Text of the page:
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Gallery Misr: 'Tank Girl' by Nadine Hammam
Every now and then you find an art exhibition in Cairo that is completely different from all the others, to the point where you can’t stop Tweeting about it or taking pictures to put up on Facebook. This is exactly what happened when we stepped into Gallery Misr where ‘Tank Girl’ by Nadine Hammam was on display.
The first thing that caught our eye was the blue banner covered in pink letters, with the words: ‘GO LOVE YOURSELF’. The pieces, by Cairo born and raised Hamman, are mixed-media and focus mostly on gender dynamics and investigate the relationship between the public versus the private, the external versus the internal, which are key to Middle Eastern society.
Tank Girl is about the most primitive search for attention, affection and passion. It highlights the elusive yet complex relation of love and sex; something that, in contemporary social context, ties into the traditional overbearing Egyptian society. Hammam’s paintings suppose a stronger, more independent and more elusive female persona.
From an aesthetic point of view, Hammam’s pieces are multilayered and her use of colours pops. One example shows a female figure with a glittery bunny in between her legs, with text reading ‘Just Love Me’. The same colours are used in most of the series; mainly primary colours red and blue. Her piece ‘The Girl with a Hole in Her Heart’ features a woman sitting down with condom wrappers in the place of her heart. One of the best pieces, carrying the title of the exhibition, is ‘Tank Girl’. A woman sits with her legs straddling an army tank with the phallic shaped turret of the tank in an erect position and seems to be ejaculating rats.
Another very nice piece shows a woman sitting in a seductive pose with ‘You said you wanted me, so here I am’ written on her body. Condom wrappers make another appearance in a piece with two women back to back with the text ‘I need a revolver more than I need you’. The word revolver is made out of the wrappers while some words have a small white line with the text ‘Love me please’. We were also quite impressed with the ‘For How Long Will You Love Me’, which shows the word ‘me’ between the legs of the female figure.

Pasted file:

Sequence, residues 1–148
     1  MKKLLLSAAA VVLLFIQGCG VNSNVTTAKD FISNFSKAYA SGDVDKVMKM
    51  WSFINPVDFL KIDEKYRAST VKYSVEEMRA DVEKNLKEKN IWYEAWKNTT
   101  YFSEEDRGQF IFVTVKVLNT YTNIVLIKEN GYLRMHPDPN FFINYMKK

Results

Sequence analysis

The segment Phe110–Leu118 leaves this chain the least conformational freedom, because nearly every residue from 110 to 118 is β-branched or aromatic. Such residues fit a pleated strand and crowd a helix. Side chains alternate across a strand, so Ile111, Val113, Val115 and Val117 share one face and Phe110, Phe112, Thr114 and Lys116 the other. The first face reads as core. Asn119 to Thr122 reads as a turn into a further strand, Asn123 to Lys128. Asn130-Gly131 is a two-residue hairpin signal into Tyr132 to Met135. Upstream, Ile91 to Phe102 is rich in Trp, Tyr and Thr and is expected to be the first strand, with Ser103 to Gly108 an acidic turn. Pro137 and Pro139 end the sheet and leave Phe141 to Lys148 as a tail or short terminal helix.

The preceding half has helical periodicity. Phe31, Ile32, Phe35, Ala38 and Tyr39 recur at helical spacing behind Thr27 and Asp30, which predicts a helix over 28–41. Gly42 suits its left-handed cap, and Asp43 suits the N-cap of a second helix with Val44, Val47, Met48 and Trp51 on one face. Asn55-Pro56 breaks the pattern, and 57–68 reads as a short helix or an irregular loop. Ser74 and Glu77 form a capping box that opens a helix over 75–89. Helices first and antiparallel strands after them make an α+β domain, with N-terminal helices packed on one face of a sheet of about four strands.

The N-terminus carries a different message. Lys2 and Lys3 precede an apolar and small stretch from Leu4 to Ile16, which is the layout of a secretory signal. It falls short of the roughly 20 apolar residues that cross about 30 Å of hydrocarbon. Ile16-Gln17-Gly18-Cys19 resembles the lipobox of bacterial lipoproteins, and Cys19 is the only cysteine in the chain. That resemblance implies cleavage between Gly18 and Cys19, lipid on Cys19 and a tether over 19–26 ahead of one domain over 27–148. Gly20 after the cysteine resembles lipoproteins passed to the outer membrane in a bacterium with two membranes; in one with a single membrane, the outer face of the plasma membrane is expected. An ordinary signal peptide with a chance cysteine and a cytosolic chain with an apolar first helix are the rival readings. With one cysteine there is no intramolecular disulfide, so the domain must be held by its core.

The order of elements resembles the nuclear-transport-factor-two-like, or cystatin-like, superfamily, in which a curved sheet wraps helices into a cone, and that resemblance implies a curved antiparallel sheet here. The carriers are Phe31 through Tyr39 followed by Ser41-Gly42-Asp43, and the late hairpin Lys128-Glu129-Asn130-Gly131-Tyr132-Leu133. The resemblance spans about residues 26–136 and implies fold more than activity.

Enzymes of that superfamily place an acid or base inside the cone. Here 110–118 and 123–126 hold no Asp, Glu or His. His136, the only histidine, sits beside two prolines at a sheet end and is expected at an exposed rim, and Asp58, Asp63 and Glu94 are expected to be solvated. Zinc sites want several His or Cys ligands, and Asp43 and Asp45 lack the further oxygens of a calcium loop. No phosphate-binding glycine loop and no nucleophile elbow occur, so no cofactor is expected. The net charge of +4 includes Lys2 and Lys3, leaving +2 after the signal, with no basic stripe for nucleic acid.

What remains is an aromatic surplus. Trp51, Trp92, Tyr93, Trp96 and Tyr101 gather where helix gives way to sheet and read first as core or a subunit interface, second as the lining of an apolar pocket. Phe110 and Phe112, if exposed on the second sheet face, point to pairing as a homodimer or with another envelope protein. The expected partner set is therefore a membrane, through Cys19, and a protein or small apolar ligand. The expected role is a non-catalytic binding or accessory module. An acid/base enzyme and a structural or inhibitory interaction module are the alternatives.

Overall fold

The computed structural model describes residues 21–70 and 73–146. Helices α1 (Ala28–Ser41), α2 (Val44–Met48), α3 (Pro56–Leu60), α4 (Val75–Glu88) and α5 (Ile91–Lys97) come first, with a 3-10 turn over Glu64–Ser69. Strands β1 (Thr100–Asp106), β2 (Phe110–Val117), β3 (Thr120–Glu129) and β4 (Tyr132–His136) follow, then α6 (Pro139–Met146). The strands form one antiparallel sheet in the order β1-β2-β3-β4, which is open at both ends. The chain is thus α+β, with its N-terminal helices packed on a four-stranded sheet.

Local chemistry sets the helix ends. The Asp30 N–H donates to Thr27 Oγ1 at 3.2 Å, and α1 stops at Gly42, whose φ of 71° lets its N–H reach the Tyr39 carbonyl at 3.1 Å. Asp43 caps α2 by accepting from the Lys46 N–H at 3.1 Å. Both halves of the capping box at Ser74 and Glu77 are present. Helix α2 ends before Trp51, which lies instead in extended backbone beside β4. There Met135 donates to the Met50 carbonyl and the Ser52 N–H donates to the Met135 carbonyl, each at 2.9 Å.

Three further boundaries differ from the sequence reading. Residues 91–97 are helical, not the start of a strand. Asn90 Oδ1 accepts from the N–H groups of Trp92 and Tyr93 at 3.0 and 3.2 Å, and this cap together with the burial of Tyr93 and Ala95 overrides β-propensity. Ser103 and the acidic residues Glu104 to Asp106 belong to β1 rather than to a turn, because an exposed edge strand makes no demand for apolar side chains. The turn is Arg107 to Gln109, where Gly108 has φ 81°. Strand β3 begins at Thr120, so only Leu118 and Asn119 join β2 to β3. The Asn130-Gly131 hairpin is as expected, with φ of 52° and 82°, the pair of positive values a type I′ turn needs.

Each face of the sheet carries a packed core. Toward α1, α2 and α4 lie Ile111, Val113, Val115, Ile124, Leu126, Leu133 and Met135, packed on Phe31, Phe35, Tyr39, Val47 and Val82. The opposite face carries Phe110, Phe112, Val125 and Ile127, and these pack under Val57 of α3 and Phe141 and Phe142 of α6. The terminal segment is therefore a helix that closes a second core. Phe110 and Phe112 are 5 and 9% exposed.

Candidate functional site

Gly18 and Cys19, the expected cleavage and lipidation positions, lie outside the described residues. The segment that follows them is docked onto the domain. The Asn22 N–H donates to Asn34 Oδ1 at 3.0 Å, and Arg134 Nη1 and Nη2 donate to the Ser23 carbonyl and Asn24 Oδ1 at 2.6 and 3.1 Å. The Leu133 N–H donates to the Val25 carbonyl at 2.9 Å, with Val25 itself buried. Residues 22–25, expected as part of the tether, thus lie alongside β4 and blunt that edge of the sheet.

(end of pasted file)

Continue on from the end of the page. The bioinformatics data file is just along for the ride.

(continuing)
If you want to purchase a piece by Nadine Hamman, you will need a fair amount of money. Pieces are between $8,000 and $20,000. They might be relatively pricey but then again, it’s worth it. The exhibition is an absolute must see and kudos to Nadine Hamman for tackling this subject in such a brilliant way.
When Winston Churchill, former British Prime Minister, was asked to cut arts funding in favour of the war effort, his response was "…then what are we fighting for?"
Stylish flooring, iridescent, white walls and two spacious levels Duroub Gallery in Garden City demonstrates exactly that, with a group exhibition featuring the works of over fifty artists,
Artist Samir Abdel-Rahman, born in 1947, has a collection of 30 oil paintings on display at as part of the exhibition, focusing on Egyptian culture entwined with Islamic Art and iconic motifs.
One of his paintings portrays three rows of Egyptian men dressed in white galabeyas dancing, playing music and celebrating; though the figures are mostly white shapes with tanned faces, the background is a mixture of vivid orange and fiery red implying heat, energy and festivity. The painting is set out like the early Pharaonic wall paintings that exist to tell a story. The story here is clearly one of joy and celebration, perfect for during Ramadan.
Mohamed Yousef is another talented artist contributing to this exhibition with a colourful, cubist style painting, rich in colours and symbolism. One particular painting portrays a Bedouin woman garbed in shiny jewellery and colourful attire. There is a white bird present at the bottom of the female’s face which could be a symbol of peace; the woman’s face is strong and the centralised position could imply importance.
The second floor of the gallery displays, not only paintings, but also ceramics, jewellery and textiles both for viewing and sale. A pair of medium sized, pearl earrings cost 120LE. There is also a selection of stylish pendants created from glass plus some beaded jewellery.
Hung upon the wall is a beautiful collection of tiny, framed ceramic pictures; some feature old buildings in Cairo with tiny windows carved into the clay, others are of coral with glass fish in vivid colours. The contrast between the glass and clay creates a strong effect as the fish appear closer and stand out more due to their bright colour and shiny surface compared to the coarse feel of the clay. Overall these pieces are tiny, delicate yet beautifully created.
In addition to the numerous paintings, fine jewellery and these tiny creations, the exhibition also contains some amazing, intricate wire sculptures, which can be admired and appreciated from all angles.
Duroub Gallery’s goal is to create chemistry in art between different generations and bring them together through one diverse exhibition, to which we feel it has been successful. It really is a marvellous mixture of talent; art mediums and forms making it well worth a visit to Duroub Gallery.